Pradeep’s 16-hour days during secondment to help island during Covid fourth wave
As Covid-19 cases soared to their highest levels in September, the Bermuda Government was already looking overseas for help.
Cases of the virus skyrocketed from 290 at the start of the month to 1,238 by September 14.
The island’s fourth wave of infections, driven by the Delta variant, threatened to swamp the Molecular Diagnostics and Research Laboratory.
Carika Weldon, the lab director, struggled to get through a test backlog – and qualified staff in countries such as the United States or Britain were all busy with the same thing.
But an appeal for support from David Burt, the Premier, happened to reach 35-year-old Pradeep Ambrose, a Cornell University graduate with a PhD in the study of RNA viruses such as SARS-CoV-2.
Dr Ambrose’s one-month stint in Bermuda would not only allow MDL to get to grips with thousands of PCR tests for the virus, it also helped put the island ahead of the curve for quick tests to track down the freshly emerged Omicron variant of the coronavirus within an hour of a test being delivered.
Dr Ambrose, who is now on holiday with relatives in India, described the experience for The Royal Gazette after it was highlighted this month in the Cornell Chronicle.
Dr Ambrose, who worked at MDL from September 21 to October 30, said: “It’s fair to say I’m on call if needed.”
The link to Bermuda came about not long after Dr Ambrose graduated from a one-year masters in business administration course at Cornell’s Johnson Graduate School of Management.
The father of Danielle Boris, a classmate, belonged to a professional network with Stuart Lacey, the head of the Bermudian-based tech firm Trunomi, who is on friendly terms with Mr Burt.
Dr Ambrose said: “Mr Lacey conveyed Premier Burt’s request on that professional network’s social media, which Danielle’s father saw.
“Danielle’s father then said he vaguely remembered that his daughter had a virologist friend, and figured it might be worth connecting us.”
Dr Ambrose knew little about Bermuda before he received his friend’s text message.
He said: “Then I was mostly packing and getting stuff ready, so I didn’t really get a chance to find out much.”
He added: “Given my total lack of experience there, I’d say my biggest shock was how beautiful Bermuda was when I got there.
“I really had no idea what to expect.”
Dr Ambrose set to work to clear the test backlog.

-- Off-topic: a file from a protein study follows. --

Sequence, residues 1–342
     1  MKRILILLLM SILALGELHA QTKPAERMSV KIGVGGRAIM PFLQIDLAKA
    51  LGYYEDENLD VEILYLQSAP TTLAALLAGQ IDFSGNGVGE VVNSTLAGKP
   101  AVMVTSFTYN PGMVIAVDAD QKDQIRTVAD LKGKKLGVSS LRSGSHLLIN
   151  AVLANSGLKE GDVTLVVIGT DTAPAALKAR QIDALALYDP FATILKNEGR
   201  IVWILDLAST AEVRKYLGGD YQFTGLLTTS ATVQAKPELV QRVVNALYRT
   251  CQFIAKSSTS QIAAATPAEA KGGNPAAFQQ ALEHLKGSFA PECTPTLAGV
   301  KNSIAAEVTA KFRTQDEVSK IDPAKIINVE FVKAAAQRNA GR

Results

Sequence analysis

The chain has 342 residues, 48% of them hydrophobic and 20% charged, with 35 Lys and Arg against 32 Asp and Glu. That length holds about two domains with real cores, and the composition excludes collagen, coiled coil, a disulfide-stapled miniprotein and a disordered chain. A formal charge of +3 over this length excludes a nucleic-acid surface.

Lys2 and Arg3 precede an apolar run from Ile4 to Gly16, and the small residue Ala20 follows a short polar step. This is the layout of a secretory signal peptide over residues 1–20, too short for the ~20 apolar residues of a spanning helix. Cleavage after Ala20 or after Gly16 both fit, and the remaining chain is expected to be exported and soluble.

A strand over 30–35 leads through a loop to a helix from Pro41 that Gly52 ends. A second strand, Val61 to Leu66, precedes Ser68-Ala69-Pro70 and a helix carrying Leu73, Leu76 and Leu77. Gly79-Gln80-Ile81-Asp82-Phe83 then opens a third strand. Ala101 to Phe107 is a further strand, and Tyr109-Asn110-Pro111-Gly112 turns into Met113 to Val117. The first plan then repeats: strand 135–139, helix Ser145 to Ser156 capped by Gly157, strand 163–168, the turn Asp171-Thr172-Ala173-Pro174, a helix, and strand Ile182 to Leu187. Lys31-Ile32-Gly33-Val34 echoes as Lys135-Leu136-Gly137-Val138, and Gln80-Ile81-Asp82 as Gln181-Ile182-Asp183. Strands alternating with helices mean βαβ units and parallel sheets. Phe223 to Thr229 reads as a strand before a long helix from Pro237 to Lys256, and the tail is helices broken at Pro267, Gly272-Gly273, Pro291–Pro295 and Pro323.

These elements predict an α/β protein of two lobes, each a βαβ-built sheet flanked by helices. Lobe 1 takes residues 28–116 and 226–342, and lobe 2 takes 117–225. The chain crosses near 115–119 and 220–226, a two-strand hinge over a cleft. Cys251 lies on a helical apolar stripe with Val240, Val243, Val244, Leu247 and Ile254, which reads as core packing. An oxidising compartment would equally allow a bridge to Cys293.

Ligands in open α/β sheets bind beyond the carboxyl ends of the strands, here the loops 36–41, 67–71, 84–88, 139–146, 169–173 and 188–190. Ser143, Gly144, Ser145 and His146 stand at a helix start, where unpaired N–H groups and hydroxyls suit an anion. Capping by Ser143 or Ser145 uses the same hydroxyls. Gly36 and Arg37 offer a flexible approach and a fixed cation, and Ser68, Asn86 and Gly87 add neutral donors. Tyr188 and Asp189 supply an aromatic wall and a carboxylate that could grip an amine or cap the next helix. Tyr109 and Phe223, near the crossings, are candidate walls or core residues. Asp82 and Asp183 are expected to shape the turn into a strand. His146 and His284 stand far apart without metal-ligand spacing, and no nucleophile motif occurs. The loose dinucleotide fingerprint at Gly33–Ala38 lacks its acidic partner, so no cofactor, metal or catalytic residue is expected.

PCR tests were all too familiar from his PhD programme at Cornell Medical School.
But Dr Ambrose said the 16-hour days at MDL “did get tiring”.
He added: “It was a bit easier than the 19-hour days Carika was pulling just a bit earlier – but still.
“I would feel bad at feeling exhausted, too – we had an incredibly hard-working and resilient staff at MDL.”
Dr Ambrose admitted: “I very rarely had days this long during my PhD, and never several such days in a row.”
Dr Weldon soon delegated government responsibilities to Dr Ambrose.
He was in remote meetings with Mr Burt as well as Ayoola Oyinloye, the Chief Medical Officer, and Kim Wilson, the Minister of Health, inside a week.
Dr Ambrose’s first day on the job coincided with the apex of the fourth wave, at 1,612 cases.
By the end of his Bermuda shift, deaths from the virus were still rising, but the island’s infection numbers had tumbled to 171.
Dr Ambrose’s decade at Weill Cornell as a student had also put him on friendly terms with Christopher Mason, a professor of genomics, physiology, and biophysics who mentored his student research on the sequencing of viral variants.
He said the possibility of getting Cornell’s help with Covid-19 sequencing came up during a health ministry meeting.
Dr Ambrose added: “Dr Ayo thought it was a great idea and asked me to follow up on it.”
Dr Mason linked up with Dr Weldon and forged a partnership at an ideal time for Bermuda as the coronavirus generated new variants.
The collaboration brought nanopore medical technology to Bermuda that put MDL in a position to identify the new Omicron variant just as it reached Bermuda.
Dr Weldon said earlier this month, after the first Omicron infection was detected, that MDL staff were “elated” at the lab’s new capabilities.
Dr Ambrose had his first face-to-face meeting with the Premier on his final day in Bermuda.
Mr Burt’s letter of appreciation told him: “You are a great friend to Bermuda, and we thank you again for all that you have done.”
Dr Ambrose told the Gazette he was happy to pitch in with remote work – and had done so while Dr Weldon was busy sequencing the latest Omicron variant samples.
He added: “I’d love to help out whenever there’s a surge.”
His virology PhD is now far more in demand than when his studies began in 2012.
Dr Ambrose said: “I’m still in the virology science field for now – and no one’s going to be against that.”